Evaluating chronic disease management in real-world settings in six European countries: Lessons from the collaborative DISMEVAL project

Research output: Contribution to journalJournal articleResearchpeer-review

  • Arianne Elissen
  • Ellen Nolte
  • Saba Hinrichs
  • Annalijn Conklin
  • John Adams
  • Benjamin Cadier
  • Karine Chevreul
  • Isabelle Durand-Zaleski
  • Antje Erler
  • Maria Flamm
  • Frølich, Anne
  • Birgit Fullerton
  • Jacobsen, Ramune
  • Cécile Knai
  • Zuleika Saz-Parkinson
  • Antonio Sarria-Santamera
  • Andreas Sönnichsen
  • Hubertus J.M. Vrijhoef
  • on behalf of the DISMEVAL consortium

Objective: To describe the interventions, research methods and main findings of the international DISMEVAL project, in which the “real-world” impact of exemplary European disease management approaches was investigated in six countries using advanced analytic techniques. Design: Across countries, the project captured a wide range of disease management strategies and settings; approaches to evaluation varied per country, but included, among others, difference-in-differences analysis and regression discontinuity analysis. Setting: Austria, Denmark, France, Germany, The Netherlands, and Spain. Participants: Health care providers and/or statutory insurance funds providing routine data from their disease management interventions, mostly retrospectively. Intervention(s): This study did not carry out an intervention but evaluated the impact of existing disease management interventions implemented in European care settings. Main outcome measure(s): Outcome measures were largely dependent on available routine data, but could concern health care structures, processes, and outcomes. Results: Data covering 10 to 36 months were gathered concerning more than 154,000 patients with three conditions. The analyses demonstrated considerable positive effects of disease management on process quality (Austria, Germany), but no more than moderate improvements in intermediate health outcomes (Austria, France, Netherlands, Spain) or disease progression (Denmark) in intervention patients, where possible compared with a matched control group. Conclusions: Assessing the “real-world” impact of chronic disease management remains a challenge. In settings where randomization is not possible and/or desirable, routine health care performance data can provide a valuable resource for practice-based evaluations using advanced analytic techniques.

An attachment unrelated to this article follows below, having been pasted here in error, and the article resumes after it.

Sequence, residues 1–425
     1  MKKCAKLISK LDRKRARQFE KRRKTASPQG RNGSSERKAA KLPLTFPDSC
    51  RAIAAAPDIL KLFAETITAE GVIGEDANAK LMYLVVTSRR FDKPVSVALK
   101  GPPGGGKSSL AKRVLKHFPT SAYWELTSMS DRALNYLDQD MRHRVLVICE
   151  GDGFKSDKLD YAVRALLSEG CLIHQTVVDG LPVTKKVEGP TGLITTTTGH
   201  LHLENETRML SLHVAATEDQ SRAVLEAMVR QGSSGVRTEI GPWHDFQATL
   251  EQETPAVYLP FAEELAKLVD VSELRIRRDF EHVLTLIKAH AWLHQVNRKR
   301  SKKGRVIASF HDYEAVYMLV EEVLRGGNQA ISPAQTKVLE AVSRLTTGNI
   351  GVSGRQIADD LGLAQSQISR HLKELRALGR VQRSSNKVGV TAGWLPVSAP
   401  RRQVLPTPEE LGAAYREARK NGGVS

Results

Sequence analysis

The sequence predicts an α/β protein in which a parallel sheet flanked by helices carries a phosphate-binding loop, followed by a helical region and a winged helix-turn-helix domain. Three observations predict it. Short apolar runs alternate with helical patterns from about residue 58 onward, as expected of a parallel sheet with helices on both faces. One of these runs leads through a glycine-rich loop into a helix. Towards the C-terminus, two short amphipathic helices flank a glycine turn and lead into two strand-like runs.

Original languageEnglish
Article numberA003
JournalInternational Journal of Care Coordination
Issue number1-2
Pages (from-to)25-37
Number of pages13
Publication statusPublished - 2014

    Research areas

  • Care pathways, Complex intervention, Health services research, Multidisciplinary teamwork, Organized care, Quality

ID: 212002651